Music for a Holy War Holiday

Have an Electronic Arabic Christmas

Life During Wartime

The Gift of Wild Possibility

I'm Dreaming of a Violent Christmas

Here Comes Sartre Claus

HOLIDAY CD REVIEW REVUE

I've never been the type to find something to get depressed about within truly uplifting content. For example, I've always become secretly contemptuous whenever Harry Nilsson's "Everybody's Talkin'" comes on and some groaner starts wailing about what a depressing song it is. Sure, Midnight Cowboy is a dispiriting film, and it's difficult to separate the song from the soundtrack. But lyrically--however ironic the film's course makes it seem--the song remains, at its heart, a gorgeous, hopeful promise of brighter places. I experience the same uppity reaction when wistful artists such as Simon Joyner, Rock*A*Teens, the New Year, and Silver Jews are, in my opinion, wrongly referred to as bleak.

Now, more than ever, what we all need is a promise of brighter places. A promise to get away. An opportunity to see things happen in states we've never been to. Transportation. Right now, though, most of us are apprehensive about travel, and whether it's because we're scared shitless or just low on cash, a lot of us don't have plans to go anywhere for a good long while.

Which is what makes an album like the Silver Jews' Bright Flight the perfect gift for someone who needs to be transported without leaving the confines of home. Any Silver Jews record is fraught with picturesque visions, set forth by lead band member David Berman, whose crooked prose and wandering melodies read like vivid chalk paintings scratched on a sidewalk by a storyteller who's mastered the art of quick, inspired illustration.

Like snapshots of a trip, Berman's deeply Southern lyrics catch the nearly missed poignancy in a simple rhyme such as "Marry me, leave Kentucky and come to Tennessee/'Cause you're the only ten I see." It's the earlier, off-hand revelation that her doorbell "plays a bar of Stephen Foster" that unfurls a lifetime of intimate details, and the listener becomes an emotional patron of this imaginary couple set on moving ahead.

In "Room Games and Diamond Rain," Berman's got you drinking wine in the afternoon shade, imagining a freight train that rattles a chandelier, and taking a ride in the dirt. If that's too mundane, a moment later he's got you thinking about plug-in reindeer whose cords can't stretch far enough to fly. Whimsical sadness, mixing with the wine and the shade and the dirt, transports the listener to the kind of escape reality can't allow. Horses' legs become brown shotguns, and countrysides have trapdoors where you can disappear among giant evergreens. Suddenly a January trip to Mexico seems shallow and boring.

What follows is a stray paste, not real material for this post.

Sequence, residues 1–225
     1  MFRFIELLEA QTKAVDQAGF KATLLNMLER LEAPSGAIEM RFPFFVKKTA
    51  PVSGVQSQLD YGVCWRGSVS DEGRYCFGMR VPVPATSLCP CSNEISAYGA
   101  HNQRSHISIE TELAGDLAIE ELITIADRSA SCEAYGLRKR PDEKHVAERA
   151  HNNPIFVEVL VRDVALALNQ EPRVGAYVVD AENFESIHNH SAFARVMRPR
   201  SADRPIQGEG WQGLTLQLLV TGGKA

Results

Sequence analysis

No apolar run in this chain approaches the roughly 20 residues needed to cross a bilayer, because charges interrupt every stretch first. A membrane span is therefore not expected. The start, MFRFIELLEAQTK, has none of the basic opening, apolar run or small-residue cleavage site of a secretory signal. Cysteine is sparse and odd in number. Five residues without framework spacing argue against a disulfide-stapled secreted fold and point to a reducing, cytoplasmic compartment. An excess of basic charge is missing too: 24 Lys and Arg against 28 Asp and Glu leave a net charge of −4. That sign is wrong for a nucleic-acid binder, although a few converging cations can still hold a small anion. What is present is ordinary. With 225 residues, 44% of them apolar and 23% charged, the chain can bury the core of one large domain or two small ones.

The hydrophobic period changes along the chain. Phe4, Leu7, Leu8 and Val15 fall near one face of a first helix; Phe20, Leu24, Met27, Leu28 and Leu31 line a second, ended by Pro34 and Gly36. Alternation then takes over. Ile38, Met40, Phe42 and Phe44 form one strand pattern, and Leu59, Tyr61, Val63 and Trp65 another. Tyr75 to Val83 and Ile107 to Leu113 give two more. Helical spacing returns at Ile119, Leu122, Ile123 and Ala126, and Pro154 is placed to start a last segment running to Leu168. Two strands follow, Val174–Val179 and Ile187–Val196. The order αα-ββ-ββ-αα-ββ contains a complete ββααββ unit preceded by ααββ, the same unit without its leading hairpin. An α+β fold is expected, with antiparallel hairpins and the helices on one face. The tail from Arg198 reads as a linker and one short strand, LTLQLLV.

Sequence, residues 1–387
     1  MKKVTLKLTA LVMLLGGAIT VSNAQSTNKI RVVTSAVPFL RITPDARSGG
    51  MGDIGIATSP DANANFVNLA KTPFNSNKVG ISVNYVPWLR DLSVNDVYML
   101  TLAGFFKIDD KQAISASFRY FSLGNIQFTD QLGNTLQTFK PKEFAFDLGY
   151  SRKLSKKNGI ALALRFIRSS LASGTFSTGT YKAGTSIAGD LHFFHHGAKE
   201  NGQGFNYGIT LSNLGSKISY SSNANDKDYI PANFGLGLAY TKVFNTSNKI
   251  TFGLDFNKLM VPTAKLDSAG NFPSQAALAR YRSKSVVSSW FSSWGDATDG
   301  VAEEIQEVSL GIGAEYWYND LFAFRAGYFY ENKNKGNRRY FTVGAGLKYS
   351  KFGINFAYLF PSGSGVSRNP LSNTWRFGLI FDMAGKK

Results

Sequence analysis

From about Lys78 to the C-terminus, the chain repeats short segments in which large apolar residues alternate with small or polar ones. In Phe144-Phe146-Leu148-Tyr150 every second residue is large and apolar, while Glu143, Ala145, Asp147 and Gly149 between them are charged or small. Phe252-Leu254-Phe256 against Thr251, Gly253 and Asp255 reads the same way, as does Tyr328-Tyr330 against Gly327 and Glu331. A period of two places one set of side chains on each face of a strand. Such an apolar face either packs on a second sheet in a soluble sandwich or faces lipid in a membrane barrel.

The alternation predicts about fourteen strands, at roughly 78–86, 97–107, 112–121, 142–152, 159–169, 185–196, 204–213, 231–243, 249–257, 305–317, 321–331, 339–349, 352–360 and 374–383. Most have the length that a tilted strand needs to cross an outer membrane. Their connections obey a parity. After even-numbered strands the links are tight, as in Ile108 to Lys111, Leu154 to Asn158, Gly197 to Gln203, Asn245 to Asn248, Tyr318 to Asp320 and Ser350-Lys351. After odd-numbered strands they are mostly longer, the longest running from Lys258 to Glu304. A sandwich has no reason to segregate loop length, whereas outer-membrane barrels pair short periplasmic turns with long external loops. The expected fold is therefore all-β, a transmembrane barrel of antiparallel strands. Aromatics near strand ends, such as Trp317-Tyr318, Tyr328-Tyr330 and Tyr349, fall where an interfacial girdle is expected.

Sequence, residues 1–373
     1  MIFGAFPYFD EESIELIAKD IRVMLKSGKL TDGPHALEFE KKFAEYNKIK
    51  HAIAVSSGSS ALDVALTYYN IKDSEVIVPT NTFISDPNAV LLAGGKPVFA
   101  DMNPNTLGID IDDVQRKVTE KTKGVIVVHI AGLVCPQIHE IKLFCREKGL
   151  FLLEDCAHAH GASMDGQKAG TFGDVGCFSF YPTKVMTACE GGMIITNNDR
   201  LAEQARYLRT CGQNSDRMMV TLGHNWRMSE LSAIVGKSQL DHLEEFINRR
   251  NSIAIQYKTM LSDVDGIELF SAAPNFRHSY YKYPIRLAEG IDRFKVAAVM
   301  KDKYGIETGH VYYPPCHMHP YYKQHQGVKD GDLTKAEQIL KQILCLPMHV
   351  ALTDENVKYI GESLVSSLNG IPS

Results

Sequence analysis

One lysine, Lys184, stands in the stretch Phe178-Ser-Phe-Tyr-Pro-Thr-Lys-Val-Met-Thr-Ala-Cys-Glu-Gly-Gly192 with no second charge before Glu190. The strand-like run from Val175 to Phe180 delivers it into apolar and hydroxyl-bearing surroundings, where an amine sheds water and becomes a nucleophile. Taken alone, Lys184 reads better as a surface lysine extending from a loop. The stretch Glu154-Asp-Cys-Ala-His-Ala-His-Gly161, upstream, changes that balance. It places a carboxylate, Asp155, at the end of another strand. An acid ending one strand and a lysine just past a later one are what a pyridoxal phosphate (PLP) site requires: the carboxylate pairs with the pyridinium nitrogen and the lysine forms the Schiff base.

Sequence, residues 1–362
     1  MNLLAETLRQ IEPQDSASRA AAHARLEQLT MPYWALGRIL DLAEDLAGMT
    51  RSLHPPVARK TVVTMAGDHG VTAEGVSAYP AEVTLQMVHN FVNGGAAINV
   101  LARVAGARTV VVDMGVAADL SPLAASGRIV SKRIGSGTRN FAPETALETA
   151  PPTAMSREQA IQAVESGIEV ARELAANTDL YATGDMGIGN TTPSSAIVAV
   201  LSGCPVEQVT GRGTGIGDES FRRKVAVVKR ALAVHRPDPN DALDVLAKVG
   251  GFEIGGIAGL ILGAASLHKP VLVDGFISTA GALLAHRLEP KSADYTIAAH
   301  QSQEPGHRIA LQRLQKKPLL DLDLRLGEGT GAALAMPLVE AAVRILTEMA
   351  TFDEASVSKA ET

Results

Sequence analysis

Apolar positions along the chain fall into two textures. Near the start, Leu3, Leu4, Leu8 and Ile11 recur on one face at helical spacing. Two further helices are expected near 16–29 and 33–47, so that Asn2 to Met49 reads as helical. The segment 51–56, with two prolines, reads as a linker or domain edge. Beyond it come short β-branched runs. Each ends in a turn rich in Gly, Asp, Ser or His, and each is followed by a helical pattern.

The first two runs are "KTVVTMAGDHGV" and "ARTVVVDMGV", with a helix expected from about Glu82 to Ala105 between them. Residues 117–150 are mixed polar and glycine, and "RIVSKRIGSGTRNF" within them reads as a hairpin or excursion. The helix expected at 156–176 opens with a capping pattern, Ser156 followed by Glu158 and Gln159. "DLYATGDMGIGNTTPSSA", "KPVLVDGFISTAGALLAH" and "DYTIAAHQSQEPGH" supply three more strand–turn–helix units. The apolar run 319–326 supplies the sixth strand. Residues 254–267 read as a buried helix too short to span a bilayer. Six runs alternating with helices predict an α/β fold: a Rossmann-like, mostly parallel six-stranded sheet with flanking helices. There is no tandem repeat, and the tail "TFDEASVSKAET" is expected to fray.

Berman is also an acclaimed poet, whose book Actual Air reads like a novel written in two-sentence paragraphs. His observations are searing and economical, poignant, and, more often than not, hilarious. An on-duty museum guard muses, "No one gets hungry at the sight of a lush cornfield or a herd of cattle. It's enough to tell you that we're full of education, not awareness." Again, Berman is offering a windshield view of the countryside, as seen through the eyes of a character we'd never have a chance of knowing except through a storyteller's proxy.

Silver Jews began in 1989 when Berman, Stephen Malkmus, and Bob Nastanovich were living in New York after studying at the University of Virginia. Concurrent with Pavement, Silver Jews were often thought of as a Malkmus side project, but Berman's talents led the band. After Chicago's Drag City label released two super lo-fi EPs, Berman returned to college and studied writing, only to rejoin Malkmus and Nastanovich in 1994 on Starlite Walker. The following album, The Natural Bridge, was the one on which Berman's stark songwriting and streamlined musicianship came to the fore. Those abilities remained strong on 1998's American Water, the album on which the singer was reunited once again with Malkmus.

Bright Flight is Berman's purest testament to his singular talent. The songs within are devastating and reviving in their ability to transcend time and place. The stories told and the places visited are rich with radiant imagery--not always happy, but encouraging in their pure, honest existence. "One day they were cutting flowers for something to do/On the band of the road 'neath the cottonwoods/He turned to her to ask if she'd marry him/When a runaway truck hit him where he stood." The guy lives, she marries someone else, and Berman sings, "I'm just rememberin', I'm just rememberin'." And, like we were there, we'll remember it too.